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Selection Of San Diego City Council President Hinges On Party Unity

Photo caption:

Photo credit: Milan Kovacevic

San Diego council members David Alvarez and Myrtle Cole, 2014.

A new San Diego City Council will be inaugurated on Monday. Democrats have a 5-4 majority on the council. But if they can't agree on a preferred candidate, they'll likely leave the selection to Republicans.

Selection Of San Diego City Council President Hinges On Party Unity

GUEST:

Sherri Lightner, outgoing council president, City of San Diego

Transcript

Three new San Diego City Council members and two incumbents will be sworn into office Monday morning. One of the new council's first actions will be to choose a council president. The looming decision has been dogged by rumors and speculation about who will get the job — and why.

The two most likely choices are Myrtle Cole and David Alvarez, the only two incumbent Democrats on the council. Democrats hold a 5-4 majority, and none is likely to support a Republican. City council offices are officially non-partisan under California law.

Outgoing Council President Pro Tem Marti Emerald, a Democrat, said as long as the Democrats' majority is limited to one vote, they won't be able to select their preferred candidate without voting together.

"The Republicans will probably vote as a block," she told KPBS Midday Edition on Wednesday. "As long as we have that 5-4, the decision really will be made by the four Republicans on the council on which Democrat will be their council pres."

The council president sets city council agendas, chairs meetings and appoints council members to committees and outside groups like the San Diego Association of Governments board of directors. Outgoing Council President Sherri Lightner said the job took patience and an ability to work collaboratively with many different departments and council offices.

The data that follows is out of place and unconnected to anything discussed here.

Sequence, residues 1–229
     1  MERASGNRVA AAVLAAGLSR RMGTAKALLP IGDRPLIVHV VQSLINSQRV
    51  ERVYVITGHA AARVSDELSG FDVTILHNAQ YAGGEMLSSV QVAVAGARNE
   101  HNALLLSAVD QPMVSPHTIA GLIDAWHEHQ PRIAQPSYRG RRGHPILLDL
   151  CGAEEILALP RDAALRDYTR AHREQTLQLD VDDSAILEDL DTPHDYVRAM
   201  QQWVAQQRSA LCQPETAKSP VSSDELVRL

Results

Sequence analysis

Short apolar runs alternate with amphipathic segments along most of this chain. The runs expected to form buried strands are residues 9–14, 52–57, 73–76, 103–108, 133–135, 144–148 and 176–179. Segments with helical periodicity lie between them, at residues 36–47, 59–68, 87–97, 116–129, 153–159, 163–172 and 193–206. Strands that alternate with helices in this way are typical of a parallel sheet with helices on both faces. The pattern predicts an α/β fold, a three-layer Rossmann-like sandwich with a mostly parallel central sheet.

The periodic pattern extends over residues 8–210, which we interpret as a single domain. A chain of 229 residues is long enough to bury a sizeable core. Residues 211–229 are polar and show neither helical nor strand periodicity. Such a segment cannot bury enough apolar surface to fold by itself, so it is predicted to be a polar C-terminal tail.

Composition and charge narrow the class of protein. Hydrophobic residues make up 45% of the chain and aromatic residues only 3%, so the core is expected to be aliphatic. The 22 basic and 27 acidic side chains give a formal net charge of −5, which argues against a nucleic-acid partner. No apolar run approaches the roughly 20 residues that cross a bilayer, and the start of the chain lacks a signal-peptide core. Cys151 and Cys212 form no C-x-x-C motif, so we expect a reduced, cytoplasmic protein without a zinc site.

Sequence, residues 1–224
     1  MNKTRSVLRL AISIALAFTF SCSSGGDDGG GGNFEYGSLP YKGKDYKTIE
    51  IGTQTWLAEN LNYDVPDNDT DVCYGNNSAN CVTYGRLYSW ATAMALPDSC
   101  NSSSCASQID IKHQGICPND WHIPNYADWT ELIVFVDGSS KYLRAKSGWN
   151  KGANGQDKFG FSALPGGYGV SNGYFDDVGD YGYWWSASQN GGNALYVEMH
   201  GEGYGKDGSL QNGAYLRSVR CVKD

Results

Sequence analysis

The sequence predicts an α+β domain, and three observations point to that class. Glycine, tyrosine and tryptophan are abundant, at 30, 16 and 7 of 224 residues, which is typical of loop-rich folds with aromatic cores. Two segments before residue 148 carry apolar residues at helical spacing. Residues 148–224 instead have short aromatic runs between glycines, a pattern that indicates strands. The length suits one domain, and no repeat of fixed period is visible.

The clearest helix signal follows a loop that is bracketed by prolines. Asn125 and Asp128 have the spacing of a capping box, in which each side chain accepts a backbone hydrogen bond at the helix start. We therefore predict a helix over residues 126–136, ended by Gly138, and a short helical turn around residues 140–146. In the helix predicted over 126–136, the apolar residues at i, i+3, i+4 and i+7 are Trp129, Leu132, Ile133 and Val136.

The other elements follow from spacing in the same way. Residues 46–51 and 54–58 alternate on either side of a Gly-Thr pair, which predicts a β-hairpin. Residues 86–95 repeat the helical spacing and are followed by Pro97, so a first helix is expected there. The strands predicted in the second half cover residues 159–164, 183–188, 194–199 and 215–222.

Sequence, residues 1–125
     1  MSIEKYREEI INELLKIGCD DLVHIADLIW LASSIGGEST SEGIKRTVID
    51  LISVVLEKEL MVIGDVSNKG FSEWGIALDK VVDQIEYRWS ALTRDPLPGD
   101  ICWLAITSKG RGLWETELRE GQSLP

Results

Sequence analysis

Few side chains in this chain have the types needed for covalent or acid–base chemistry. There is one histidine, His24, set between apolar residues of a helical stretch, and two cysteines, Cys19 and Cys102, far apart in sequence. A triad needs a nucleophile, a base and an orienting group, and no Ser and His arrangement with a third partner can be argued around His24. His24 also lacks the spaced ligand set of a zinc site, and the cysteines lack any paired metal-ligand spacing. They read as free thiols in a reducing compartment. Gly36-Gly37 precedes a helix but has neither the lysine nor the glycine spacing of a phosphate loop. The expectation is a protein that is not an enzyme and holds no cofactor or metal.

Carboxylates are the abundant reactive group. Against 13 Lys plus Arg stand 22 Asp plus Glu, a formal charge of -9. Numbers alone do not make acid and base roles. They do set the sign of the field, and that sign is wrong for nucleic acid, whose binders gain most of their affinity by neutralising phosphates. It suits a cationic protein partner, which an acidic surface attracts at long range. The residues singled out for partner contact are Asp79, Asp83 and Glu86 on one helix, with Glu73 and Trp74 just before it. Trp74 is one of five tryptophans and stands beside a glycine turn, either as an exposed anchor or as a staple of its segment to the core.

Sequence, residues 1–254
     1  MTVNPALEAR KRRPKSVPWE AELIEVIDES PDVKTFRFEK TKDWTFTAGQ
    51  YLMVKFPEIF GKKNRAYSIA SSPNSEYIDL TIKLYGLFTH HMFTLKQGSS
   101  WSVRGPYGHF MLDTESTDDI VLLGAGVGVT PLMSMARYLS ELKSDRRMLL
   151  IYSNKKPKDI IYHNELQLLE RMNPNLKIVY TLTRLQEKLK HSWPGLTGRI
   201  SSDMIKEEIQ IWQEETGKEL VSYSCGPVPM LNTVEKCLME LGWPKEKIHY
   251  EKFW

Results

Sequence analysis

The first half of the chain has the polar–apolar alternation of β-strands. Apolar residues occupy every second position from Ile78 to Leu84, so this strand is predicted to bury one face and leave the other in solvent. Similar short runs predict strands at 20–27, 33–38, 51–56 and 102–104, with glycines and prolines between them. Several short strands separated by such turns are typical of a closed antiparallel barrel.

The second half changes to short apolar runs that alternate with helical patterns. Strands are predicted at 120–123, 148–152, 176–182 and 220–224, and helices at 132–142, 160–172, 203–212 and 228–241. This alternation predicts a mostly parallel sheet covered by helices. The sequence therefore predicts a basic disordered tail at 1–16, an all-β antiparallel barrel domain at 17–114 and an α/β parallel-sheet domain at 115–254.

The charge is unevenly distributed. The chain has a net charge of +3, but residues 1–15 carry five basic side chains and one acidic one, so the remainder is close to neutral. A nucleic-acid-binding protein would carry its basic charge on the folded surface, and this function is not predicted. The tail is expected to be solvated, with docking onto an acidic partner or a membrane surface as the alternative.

"You do have to know how to run a meeting, you do have to be mature — you need to just keep things on track," she said. "You need someone who does their homework, too, so you know what's happening in the meeting."

Winning over Republicans

Current and incoming council members have been tight-lipped on whom they are supporting for the job, but Cole and Alvarez's records suggest Cole is more likely to win Republican support.

Alvarez has had a more combative relationship with Mayor Kevin Faulconer, epitomized by the campaigns they ran against each other in the special mayoral runoff election of 2014. They also fought each other on the Barrio Logan community plan update, which Alvarez and neighborhood residents supported but Faulconer opposed.

Cole has shown more willingness to work with Faulconer, who is a Republican. The mayor campaigned on promises to improve historically neglected neighborhoods like those in southeastern San Diego that Cole represents. The two appeared side-by-side at a press conference in May announcing the mayor's revised budget, which included $500,000 to design a senior center in Cole's district.

Photo caption:

Photo by Andrew Bowen

San Diego City Councilwoman Myrtle Cole and Mayor Kevin Faulconer smile at each other ahead of a press conference at Tooma Park in Cole's district, May 17, 2016.

Both Cole and Alvarez were easily re-elected in June 2014, winning enough votes to bypass a November run-off that year. But Alvarez won with a staggering 76 percent of the vote, compared to Cole's more modest 57 percent.

Cole has also faced an angry backlash from constituents who were upset by her comments on racial profiling earlier this year.

"There's more black-on-black shootings in our nation than ever before," Cole said at the July 26 City Council meeting. "Blacks are shooting blacks. So who do (the police) stop? They're not going to stop a white male. They're not going to stop a Hispanic male or Asian. They're going to stop an African-American. That's who they're going to stop, because those are the ones (who are) shooting."

Cole later apologized and said she condemns racial profiling and discrimination.

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Andrew Bowen
Metro Reporter

opening quote marksclosing quote marksI cover local government — a broad beat that includes housing, homelessness and infrastructure. I'm especially interested in the intersections of land use, transportation and climate change.

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